Slaying a sacred cow is messy and challenging. But the rewards can be tasty. As Mark Twain said, "Sacred cows make the best hamburger." Many tax breaks are sacred cows worth slaying.
The path to fiscal balance requires both prioritized spending and increased revenues, as CAP has previously noted. A smart way to cut spending is to eliminate wasteful programs and redirect funding streams away from programs that don’t work to programs that do work. One form of spending that often is left out of the discussion, however, is spending that happens to be administered through the tax code.
These "tax expenditures"—the special credits, deductions, exclusions, exemptions, and preferential tax rates that deliver tax breaks—are functionally equivalent to government spending aimed at achieving a public policy objective. For example, say the government wants businesses to make their facilities more accessible to the disabled. It could offer businesses grants for taking action—government checks would subsidize building ramps, making restrooms wheelchair accessible, etc—or it could offer a "architectural barrier removal tax deduction" and a "disability access tax credit." These tax credits, just like a direct check, would subsidize businesses that make their facilities more accessible. The difference? Businesses get the money by paying lower taxes instead of through a government payment.
Spending administered through the tax code costs the federal government more than $1 trillion each year—which is more than 25 percent of its total spending.
Some tax expenditures are good. The Earned Income Tax Credit is one of the largest antipoverty programs and enjoys broad bipartisan support for alleviating poverty and creating an incentive for low-income earners to join or stay in the workforce.
But other tax expenditures are more problematic. A host of corporate tax breaks litter the tax code. The "alternative fuels provision" tax credit pays paper producers about $4 billion a year to burn diesel fuel. This credit is intended to promote the use of alternative fuels in cars, but paper companies found a loophole in the provision that allows them to take advantage of this spending program. If the loophole is not closed, taxpayers will continue paying paper companies billions to burn fuel they want to burn. This is but one of many tax breaks that reward special interest lobbyists. Another is the preferential tax rate for timber sales, which together with other special timber tax breaks results in a negative tax rate on the timber industry, meaning the government actually pays timber companies to make money.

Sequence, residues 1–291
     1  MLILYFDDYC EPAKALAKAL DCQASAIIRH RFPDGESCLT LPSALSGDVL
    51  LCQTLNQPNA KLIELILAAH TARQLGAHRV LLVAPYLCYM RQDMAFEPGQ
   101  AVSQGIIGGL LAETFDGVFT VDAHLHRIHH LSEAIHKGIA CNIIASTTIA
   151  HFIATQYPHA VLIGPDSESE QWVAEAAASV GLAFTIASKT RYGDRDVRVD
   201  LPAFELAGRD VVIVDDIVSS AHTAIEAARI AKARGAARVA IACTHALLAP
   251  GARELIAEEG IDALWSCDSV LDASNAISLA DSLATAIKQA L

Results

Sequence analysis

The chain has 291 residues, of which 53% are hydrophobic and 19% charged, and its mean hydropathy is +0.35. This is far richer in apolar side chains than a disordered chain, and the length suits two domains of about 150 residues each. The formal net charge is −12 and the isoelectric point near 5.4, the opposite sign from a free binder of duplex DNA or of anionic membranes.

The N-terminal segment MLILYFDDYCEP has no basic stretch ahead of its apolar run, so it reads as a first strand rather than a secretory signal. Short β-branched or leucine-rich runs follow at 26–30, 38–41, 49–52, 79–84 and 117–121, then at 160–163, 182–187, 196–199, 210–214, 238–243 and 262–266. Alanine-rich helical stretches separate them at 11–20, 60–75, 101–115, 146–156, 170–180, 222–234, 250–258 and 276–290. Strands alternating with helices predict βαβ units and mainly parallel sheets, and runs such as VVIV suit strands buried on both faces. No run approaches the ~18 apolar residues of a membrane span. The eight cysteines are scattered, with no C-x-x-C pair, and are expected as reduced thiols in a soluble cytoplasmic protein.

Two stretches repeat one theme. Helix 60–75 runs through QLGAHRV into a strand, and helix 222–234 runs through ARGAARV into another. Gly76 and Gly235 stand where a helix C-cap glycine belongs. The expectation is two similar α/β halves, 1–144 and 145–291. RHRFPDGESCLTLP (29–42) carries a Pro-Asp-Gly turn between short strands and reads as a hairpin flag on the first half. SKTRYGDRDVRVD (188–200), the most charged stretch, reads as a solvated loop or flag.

Tax expenditures for individuals can be similarly wasteful. The home mortgage interest deduction, at a cost of over $100 billion, is intended to help people afford the expenses of homeownership. Promoting homeownership is good public policy, but this spending program wastefully provides subsidies for the purchase of second homes. This makes it an enormous subsidy for vacation homes. And what’s more, it applies to mortgages of up to $1 million. Not surprisingly, more than 75 percent of the $100 billion will be enjoyed by taxpayers earning over $100,000.